Large dollars tend to attract many of us. That is why the Powerball attracted so many people at the tidy sum of 1.3 billion. Yet the larger the number, the more people participate. Someone had the brilliant idea of distributing Powerball winnings to everyone in the country thinking it would be a tidy windfall; maybe enough to eliminate poverty. As it turns out, it barely gets us enough to buy a cup of coffee after taxes at a pre-tax number of about $4 each.


Endowments are sums of money to cover future generations. There are lots of ways to measure future impact of endowment dollars as they could cover many new projects and programs. I took the Powerball concept about just distributing endowment over the most recent fall enrollment dollars. While I don’t think major donors will go for this concept, it does give us some perspective of the relative amount of the endowment size over the student base.


Harvard has by far the largest endowment in terms of sheer size coming in at over 36 billion dollars. However, it barely cracks the top 10 when it comes to endowment per student at a pedestrian $1.26 million per student. Rockefeller University dwarfs other schools coming in at over $9 million per student. Not surprising given the focus of Rockefeller on hard to solve, very expensive medical research areas. Soka University comes in second at nearly $3 million per student. As expected, 3 of the top 10 universities were Ivy League schools. Stanford edges out Harvard as the largest university in the top 10. If we cashed out every school’s enrollment, the average distribution would be just under $100,000.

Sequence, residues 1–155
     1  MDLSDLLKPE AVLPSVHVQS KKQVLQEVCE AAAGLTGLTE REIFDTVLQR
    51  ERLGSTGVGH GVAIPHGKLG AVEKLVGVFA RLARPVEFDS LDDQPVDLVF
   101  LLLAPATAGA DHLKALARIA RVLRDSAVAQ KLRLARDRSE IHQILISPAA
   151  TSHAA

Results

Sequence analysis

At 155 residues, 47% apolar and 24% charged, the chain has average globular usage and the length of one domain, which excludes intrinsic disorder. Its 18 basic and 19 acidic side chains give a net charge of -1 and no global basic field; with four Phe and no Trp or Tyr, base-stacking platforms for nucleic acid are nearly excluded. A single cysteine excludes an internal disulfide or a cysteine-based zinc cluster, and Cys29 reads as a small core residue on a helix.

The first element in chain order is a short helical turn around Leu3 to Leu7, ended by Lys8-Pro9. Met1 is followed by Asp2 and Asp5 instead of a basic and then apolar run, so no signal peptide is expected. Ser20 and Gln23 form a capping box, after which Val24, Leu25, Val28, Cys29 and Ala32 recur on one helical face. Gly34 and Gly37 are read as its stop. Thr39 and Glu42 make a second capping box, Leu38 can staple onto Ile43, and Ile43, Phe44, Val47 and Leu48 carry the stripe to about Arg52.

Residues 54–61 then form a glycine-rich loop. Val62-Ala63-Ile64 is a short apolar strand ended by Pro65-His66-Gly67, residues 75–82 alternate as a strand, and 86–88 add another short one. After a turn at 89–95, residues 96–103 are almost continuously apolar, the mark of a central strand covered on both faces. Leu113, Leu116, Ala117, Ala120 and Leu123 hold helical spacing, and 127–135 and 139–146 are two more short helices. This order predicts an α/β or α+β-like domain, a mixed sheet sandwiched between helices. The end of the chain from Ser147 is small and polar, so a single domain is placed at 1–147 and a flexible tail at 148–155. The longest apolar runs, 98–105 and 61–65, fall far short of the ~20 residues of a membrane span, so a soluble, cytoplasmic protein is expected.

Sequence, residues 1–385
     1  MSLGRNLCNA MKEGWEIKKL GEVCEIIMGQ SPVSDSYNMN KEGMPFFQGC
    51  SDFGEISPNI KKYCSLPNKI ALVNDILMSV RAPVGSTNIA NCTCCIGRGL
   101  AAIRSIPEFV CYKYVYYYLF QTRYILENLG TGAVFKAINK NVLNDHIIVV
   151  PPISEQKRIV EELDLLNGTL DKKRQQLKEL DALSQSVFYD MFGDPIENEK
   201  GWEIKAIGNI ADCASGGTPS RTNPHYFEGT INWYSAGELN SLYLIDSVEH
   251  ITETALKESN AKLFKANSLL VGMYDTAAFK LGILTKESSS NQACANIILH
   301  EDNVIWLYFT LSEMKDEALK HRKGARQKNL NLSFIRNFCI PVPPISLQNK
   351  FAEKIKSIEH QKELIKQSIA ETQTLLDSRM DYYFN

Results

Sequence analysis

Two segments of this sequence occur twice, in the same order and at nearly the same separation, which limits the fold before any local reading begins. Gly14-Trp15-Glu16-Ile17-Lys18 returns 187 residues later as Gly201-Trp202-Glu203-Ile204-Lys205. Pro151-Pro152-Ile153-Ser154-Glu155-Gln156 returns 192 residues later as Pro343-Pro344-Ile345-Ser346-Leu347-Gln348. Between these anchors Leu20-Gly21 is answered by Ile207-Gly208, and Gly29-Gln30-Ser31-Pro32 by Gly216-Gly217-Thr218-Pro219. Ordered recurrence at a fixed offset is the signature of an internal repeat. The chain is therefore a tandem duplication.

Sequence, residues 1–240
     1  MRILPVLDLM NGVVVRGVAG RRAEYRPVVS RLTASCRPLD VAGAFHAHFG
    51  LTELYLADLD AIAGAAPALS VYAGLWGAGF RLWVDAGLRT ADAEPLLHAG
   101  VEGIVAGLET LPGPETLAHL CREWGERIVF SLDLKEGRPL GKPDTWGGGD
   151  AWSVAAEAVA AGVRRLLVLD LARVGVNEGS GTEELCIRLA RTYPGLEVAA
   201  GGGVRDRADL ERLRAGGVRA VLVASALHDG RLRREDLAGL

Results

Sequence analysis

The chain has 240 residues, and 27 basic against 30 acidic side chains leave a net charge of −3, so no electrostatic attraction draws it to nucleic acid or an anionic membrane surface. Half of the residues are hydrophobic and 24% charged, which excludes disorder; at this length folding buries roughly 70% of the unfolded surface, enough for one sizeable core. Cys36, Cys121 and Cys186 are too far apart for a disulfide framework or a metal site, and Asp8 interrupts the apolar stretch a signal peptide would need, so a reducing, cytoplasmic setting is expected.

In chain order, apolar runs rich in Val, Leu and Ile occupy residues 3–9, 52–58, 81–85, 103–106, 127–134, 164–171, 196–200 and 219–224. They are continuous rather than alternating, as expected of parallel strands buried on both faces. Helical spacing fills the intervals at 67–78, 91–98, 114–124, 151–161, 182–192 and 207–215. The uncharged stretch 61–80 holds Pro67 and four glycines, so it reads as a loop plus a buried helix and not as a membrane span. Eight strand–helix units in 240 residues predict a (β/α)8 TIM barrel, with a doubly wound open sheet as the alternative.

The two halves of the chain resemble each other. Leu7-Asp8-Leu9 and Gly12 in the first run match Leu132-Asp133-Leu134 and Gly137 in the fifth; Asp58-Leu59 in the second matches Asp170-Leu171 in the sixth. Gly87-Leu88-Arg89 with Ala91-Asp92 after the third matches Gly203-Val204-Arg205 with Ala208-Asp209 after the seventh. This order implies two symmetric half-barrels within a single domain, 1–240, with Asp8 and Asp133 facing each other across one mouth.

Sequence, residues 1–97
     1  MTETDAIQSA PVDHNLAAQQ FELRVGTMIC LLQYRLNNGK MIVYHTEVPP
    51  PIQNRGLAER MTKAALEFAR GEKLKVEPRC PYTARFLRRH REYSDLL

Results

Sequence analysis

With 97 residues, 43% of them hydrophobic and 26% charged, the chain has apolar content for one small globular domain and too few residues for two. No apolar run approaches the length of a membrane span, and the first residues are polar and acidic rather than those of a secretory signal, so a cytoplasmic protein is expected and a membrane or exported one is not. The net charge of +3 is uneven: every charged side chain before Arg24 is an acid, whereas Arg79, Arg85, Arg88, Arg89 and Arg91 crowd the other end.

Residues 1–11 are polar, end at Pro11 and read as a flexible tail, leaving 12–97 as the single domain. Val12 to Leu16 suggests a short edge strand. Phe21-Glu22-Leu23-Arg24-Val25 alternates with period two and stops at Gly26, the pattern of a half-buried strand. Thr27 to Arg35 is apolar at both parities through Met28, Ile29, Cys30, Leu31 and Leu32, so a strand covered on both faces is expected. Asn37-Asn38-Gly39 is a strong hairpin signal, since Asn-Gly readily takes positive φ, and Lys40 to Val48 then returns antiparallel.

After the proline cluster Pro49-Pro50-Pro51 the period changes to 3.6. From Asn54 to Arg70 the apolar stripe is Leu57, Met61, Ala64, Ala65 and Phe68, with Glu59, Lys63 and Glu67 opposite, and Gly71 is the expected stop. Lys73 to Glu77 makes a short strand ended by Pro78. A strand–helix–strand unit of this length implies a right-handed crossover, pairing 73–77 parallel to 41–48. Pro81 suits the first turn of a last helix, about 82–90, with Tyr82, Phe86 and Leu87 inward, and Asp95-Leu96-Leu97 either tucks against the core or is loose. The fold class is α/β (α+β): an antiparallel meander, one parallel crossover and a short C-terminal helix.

It is admittedly hard to look at endowments this way given the wide range of uses for endowment dollars. Comparing peers however in this way may be helpful. See the implementation of this in Public Insight by watching my brief video blog below.



I created a spreadsheet using Public Insight that compares endowment dollars for the past five years and ranks by asset size, 1 year growth, 5 year growth, and endowment per student. You can download it here.

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